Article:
The First Protectorate Parliament was preceded by the Barebones Parliament and succeeded by the Second Protectorate Parliament.

ee also

*List of Parliaments of England

References

* [http://www.constitution.org/eng/conpur097.htm Text of the Instrument of Government]
* [http://www.british-civil-wars.co.uk/glossary/protectorate-parliament-1.htm The British Civil Wars & Commonwealth website: First Protectorate Parliament 1654-55]
* [http://www.archontology.org/nations/england/commonwealth/01_parl_1640.php www.archontology.org: England: Parliament 1640-1660]

Bibliography

From [http://www.olivercromwell.org/oliver_cromwell_bib.htm Cromwell:The Oliver Cromwell Website: a select bibliography of books and articles] :
*A number of articles explore aspects of Cromwell's Protectorate parliaments: H.R. Trevor-Roper's crucial 1956 article on 'Oliver Cromwell and his parliaments', which was included in several later collections and is perhaps most accessible in I. Roots (ed), Cromwell, A Profile (1973);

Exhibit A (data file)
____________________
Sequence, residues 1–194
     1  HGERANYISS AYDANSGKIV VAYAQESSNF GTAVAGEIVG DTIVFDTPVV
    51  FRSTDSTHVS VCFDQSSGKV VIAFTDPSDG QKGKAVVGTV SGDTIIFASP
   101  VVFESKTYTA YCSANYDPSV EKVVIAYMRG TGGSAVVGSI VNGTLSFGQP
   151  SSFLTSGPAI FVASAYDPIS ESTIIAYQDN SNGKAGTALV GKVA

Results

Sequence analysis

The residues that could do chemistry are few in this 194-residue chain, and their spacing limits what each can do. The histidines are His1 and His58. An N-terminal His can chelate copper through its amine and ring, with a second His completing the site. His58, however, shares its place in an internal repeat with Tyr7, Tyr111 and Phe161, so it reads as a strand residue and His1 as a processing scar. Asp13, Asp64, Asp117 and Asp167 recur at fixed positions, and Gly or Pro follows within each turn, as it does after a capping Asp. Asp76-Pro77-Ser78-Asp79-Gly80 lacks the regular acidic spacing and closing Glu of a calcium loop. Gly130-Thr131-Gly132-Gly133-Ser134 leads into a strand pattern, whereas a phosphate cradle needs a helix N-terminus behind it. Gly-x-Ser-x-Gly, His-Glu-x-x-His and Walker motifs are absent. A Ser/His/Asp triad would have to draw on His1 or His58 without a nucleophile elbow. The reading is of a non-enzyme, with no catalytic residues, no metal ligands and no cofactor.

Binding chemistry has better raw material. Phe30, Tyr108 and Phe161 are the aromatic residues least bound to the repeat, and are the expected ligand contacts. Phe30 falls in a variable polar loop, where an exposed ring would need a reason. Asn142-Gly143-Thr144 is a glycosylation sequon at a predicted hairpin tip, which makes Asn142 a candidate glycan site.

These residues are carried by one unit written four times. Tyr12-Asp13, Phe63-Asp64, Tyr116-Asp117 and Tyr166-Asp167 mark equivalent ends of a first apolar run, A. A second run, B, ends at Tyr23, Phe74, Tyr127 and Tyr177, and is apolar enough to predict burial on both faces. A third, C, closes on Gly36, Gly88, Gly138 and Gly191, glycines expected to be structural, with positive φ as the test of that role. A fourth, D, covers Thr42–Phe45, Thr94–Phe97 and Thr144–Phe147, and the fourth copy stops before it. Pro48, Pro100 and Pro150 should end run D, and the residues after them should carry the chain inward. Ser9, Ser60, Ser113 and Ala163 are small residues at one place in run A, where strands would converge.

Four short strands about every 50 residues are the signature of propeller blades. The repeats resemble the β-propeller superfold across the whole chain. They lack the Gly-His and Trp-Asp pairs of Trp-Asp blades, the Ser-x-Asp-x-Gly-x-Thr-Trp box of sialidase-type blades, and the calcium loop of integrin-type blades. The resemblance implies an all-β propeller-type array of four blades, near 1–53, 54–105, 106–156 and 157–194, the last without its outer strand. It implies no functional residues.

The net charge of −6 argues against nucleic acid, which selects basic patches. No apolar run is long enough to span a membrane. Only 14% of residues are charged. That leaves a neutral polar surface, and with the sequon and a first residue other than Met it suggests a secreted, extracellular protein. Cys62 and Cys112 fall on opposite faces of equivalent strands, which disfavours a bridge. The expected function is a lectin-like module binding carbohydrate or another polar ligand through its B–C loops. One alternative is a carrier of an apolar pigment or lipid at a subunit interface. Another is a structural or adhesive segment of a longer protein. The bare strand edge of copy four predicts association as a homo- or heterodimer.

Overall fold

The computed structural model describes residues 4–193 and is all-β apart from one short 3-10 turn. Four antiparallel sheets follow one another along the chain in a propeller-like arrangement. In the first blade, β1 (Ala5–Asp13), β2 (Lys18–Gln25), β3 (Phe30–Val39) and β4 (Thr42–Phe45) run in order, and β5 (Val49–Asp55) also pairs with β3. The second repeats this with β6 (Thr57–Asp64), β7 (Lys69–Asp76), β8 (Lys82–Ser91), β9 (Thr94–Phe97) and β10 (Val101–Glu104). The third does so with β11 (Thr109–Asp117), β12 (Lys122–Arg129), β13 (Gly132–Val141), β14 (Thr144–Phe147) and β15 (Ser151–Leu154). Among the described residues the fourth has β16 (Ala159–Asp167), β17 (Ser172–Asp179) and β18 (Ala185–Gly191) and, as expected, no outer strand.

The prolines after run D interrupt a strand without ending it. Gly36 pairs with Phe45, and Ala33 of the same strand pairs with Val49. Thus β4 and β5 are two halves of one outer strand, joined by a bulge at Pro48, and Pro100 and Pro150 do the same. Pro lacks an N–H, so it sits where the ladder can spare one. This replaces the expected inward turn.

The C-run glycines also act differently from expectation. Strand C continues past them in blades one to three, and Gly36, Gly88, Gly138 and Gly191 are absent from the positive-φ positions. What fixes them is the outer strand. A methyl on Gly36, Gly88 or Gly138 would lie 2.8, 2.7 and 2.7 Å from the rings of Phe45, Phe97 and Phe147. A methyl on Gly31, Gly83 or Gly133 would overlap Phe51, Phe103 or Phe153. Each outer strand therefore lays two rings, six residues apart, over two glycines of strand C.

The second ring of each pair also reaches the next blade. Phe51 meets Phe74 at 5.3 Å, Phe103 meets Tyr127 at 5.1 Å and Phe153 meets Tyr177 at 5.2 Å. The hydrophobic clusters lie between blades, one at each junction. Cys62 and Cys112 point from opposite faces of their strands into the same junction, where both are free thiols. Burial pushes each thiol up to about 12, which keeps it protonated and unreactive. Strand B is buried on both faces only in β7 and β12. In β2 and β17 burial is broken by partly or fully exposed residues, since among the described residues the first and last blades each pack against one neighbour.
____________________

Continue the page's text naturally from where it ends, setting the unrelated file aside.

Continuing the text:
*P. Gaunt, 'Law making in the first Protectorate Parliament' in C. Jones, M. Newitt & S. Roberts (eds), Politics and People in Revolutionary England (1986);
*I. Roots, 'Law making in the second Protectorate Parliament' in H. Hearder & H.R. Loyn (eds), British Government and Administration (1974);
*P. Gaunt, 'Cromwell's purge? Exclusions and the first Protectorate Parliament' in Parliamentary History 6 (1987);
*C.S. Egloff, 'The search for a Cromwellian settlement: exclusions from the second Protectorate Parliament' in Parliamentary History 17 (1998);
*D. L. Smith, ‘Oliver Cromwell, the first Protectorate Parliament and religious reform’ in Parliamentary History 19 (2000);
*T.A. Wilson & F.J. Merli, 'Naylor's case and the dilemma of the Protectorate' in University of Birmingham Historical Journal 10 (1965-6); and C.H. Firth, 'Cromwell and the crown' in English Historical Review 17 & 18 (1902 & 1903).